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The Electoral College: Passing The Test Of Time

1456 words - 6 pages

Many Americans have questioned the accuracy of the Electoral College. Rightfully so, as three different presidents have won the popular vote but did not win the election. The Electoral College is outlined in the Constitution and is the current system that elects the president of the United States. Contrary to popular belief, the president is not elected by the people. Instead, a certain number of electors per state vote for him or her. The number of electors is equal to the number of representatives and senators per state. Whoever wins the majority of the 270 Electoral votes, wins the election. This system makes possible to win the popular vote, but lose the election. Despite those three times, the current system has remained successful. Keeping the Electoral College coincides with the founding father’s intent, provides a certain winner, and encourages widespread campaign efforts.
The United States of America defines itself as a Republic. An elected leader and elected officials govern the country, whereas in a democracy, the power resides entirely in the people. Aindru Collgan from the Huffington Post reports, “it is time that we put an end to this misconception about democracy. America is a republic”. The U.S. is often portrayed as a democracy, where the people have the power, when it is in fact, a republic. The foundation of this country was built on the idea that elected officials would take on the responsibility of governing so the people would not need to. John Samples wrote, “James Madison’s famous Federalist No. 10 makes clear that the Founders fashioned a republic, not a pure democracy”. The founding fathers intended America to be a republic, not a democracy. They feared that the majority may have malicious intentions and could bring the country to ruin, simply because they were the majority. The past political leaders also, “feared that without sufficient information about candidates from outside their state, people would naturally vote for a ‘favorite son’ from their own state or region,” (Kimberling). The founding fathers carefully considered the problems of their time when forming the Electoral College. Although times have changed, the issue of excluding uneducated votes remains.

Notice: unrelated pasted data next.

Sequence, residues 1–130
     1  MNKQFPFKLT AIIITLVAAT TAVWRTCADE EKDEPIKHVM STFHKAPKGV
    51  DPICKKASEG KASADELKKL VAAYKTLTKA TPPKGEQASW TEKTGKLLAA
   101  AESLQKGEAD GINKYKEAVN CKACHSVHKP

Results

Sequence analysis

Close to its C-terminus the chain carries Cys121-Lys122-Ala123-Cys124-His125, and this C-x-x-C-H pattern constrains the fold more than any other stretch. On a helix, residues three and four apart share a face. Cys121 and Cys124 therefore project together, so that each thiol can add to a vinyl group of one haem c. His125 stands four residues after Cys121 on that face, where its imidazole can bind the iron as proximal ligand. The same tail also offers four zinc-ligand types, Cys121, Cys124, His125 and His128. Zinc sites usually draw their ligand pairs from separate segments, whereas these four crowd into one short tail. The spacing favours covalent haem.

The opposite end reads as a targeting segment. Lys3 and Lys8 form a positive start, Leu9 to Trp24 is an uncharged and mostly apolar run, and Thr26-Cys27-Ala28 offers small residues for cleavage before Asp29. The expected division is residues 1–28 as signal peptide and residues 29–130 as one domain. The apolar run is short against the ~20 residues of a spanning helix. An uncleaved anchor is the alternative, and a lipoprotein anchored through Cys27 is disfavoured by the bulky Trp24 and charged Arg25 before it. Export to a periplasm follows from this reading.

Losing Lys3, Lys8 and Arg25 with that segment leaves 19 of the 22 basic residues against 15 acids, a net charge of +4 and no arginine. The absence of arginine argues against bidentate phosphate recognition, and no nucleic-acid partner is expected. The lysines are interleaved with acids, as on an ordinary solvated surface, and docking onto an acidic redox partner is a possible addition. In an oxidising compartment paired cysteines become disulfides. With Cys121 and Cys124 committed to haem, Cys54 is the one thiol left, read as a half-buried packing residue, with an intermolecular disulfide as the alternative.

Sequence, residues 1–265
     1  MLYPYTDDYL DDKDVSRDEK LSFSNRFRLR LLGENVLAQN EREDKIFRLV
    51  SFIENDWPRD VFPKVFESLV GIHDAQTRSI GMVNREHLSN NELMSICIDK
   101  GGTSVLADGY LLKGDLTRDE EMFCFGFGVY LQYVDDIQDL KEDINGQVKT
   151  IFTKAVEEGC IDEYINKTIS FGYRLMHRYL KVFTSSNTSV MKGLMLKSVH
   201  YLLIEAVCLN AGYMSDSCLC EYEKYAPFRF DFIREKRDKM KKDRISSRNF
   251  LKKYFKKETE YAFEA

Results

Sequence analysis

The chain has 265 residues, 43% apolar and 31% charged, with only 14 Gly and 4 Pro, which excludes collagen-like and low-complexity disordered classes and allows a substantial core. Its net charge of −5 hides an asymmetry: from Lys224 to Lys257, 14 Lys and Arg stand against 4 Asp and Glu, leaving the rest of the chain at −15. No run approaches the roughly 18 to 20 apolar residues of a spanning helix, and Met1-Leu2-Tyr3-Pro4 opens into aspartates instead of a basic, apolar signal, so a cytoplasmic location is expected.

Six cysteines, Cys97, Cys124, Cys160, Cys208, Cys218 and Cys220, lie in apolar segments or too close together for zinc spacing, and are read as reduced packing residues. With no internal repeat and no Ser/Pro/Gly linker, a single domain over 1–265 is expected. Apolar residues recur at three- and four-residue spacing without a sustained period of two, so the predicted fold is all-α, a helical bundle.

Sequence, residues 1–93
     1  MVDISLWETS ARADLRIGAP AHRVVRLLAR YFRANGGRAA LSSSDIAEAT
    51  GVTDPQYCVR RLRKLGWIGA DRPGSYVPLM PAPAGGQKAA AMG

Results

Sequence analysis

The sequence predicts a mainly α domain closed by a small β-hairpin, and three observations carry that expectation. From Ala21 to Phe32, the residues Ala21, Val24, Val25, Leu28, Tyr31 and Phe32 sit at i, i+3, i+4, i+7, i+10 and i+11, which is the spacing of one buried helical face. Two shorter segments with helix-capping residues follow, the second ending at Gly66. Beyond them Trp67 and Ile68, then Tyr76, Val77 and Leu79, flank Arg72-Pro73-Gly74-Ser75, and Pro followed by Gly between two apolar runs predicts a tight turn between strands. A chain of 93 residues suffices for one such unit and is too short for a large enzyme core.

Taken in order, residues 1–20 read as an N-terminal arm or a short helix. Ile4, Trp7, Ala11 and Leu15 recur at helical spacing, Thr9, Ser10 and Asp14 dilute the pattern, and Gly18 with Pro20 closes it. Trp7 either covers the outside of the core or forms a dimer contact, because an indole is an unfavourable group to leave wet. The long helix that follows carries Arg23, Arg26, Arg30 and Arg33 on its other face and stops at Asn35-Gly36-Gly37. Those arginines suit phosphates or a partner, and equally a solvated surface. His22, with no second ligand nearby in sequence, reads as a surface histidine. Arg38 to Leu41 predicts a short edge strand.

Many criticize that the Electoral College was formed 225 years ago and that it is outdated. Before the invention of the T.V. or Internet, word did not travel quickly enough. This reason largely contributed to the formation of the Electoral College. If the presidential election was based on the number of votes a candidate receives, individuals may vote for a name that he or she recognized rather than the person who is best qualified for the job. Although there are ample resources available today, not every voter utilizes those resources to get educated about whom he or she may vote for. LZ Granderson warns that, “In an effort to win over ignorant voters, political campaigns are no longer targeting the movable middle as much as the easily misled.” Voters...

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